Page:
BY JOE JACKSON
Can’t afford a drysuit? Or, don’t think you’d use it enough to make the purchase worth it? You can always pair up a wetsuit and drytop. As long as you always remember to go to the bathroom before putting this duo on, it is an excellent option. If you want to go new, NRS always has good price-point gear with the 2.0 Farmer John for $100 and Revolution Drytop for $330—keeping your setup down to about half the price of a budget drysuit.
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If $430 is still too steep, you can find used wetsuits on Craigslist or at any used sporting goods store near a beach, and as long as a used drytop is water-tight, it will keep water from seeping into your kayak just as well as a drysuit. Hunt out drytops with blown-out gaskets; people will often sell them cheaper. Then replace the gaskets yourself for around $30. Don’t be intimidated if you haven’t done this before. It is easy and there are plenty of tutorials online.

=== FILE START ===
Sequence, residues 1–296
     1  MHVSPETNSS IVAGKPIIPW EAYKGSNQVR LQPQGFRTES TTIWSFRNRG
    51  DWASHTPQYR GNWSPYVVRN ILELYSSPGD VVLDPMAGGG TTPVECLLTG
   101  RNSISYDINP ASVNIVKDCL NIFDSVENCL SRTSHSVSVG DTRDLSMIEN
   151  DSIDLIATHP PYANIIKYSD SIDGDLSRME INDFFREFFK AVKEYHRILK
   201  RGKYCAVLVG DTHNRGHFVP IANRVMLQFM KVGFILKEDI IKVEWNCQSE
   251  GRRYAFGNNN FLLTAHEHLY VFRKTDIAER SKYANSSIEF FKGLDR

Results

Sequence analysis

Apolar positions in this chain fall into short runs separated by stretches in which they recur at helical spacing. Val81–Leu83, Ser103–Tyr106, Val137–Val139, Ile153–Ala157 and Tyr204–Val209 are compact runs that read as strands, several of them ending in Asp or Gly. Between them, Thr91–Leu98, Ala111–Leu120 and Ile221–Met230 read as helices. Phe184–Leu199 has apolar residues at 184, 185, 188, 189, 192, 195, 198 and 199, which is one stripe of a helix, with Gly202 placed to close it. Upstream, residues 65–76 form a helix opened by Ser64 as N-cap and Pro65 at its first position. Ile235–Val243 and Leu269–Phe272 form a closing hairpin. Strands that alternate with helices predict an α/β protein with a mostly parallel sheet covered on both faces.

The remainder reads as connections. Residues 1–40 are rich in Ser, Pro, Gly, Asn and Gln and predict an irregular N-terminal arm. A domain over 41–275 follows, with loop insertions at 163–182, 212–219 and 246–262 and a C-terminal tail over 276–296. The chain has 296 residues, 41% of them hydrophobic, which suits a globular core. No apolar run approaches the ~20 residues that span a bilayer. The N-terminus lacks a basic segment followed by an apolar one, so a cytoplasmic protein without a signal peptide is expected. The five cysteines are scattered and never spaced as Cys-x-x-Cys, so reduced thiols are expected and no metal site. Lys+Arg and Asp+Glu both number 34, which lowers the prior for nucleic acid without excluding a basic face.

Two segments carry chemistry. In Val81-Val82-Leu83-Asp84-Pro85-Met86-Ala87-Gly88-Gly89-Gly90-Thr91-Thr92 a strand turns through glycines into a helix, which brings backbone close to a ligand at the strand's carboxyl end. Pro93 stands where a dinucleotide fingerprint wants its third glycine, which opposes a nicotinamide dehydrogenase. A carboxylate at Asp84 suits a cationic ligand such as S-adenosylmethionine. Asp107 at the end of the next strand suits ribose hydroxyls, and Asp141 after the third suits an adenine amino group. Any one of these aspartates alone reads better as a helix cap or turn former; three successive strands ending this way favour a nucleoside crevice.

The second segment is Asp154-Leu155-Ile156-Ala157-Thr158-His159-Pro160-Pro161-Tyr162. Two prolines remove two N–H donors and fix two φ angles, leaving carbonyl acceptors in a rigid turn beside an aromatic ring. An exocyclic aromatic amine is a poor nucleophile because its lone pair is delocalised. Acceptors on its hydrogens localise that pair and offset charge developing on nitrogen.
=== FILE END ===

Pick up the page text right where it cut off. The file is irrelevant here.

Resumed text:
And while having a drysuit is more comfortable—to be more accurate, game-changingly more comfortable—it’s not a necessary piece of gear when running difficult whitewater. Case in point: Last spring, Ben Dinsdale ran one of California’s classic Class V-plus, multi-day expeditions (the Fantasy Falls section of the Mokelumne, pictured below) wearing a wetsuit he purchased for $10 from a Newport, Ore., surf shop. Dinsdale ran the Sierra classic with his brother Willy, pictured above, in two long days, putting on his frosty cold wetsuit each morning. Willy explained that when the brothers started kayaking in the Northwest, they only had minimal farmer johns and fleeces to keep warm. “We were very cold and believed it to be a necessary evil while kayaking,” says Willy, “often stopping every 20 minutes to do pushups and plyometrics to keep the blood circulating to the extremities.” The brothers have updated since then, and Willy often wears a drysuit, but he still believes in using a wetsuit in the right conditions: “Here’s what you get out of the wetsuit: effortless thermoregulation, much greater freedom of movement, ample buoyancy and no concern of moisture incursion soaking clothes you might like to wear in camp.”
The article was originally published on Canoe & Kayak
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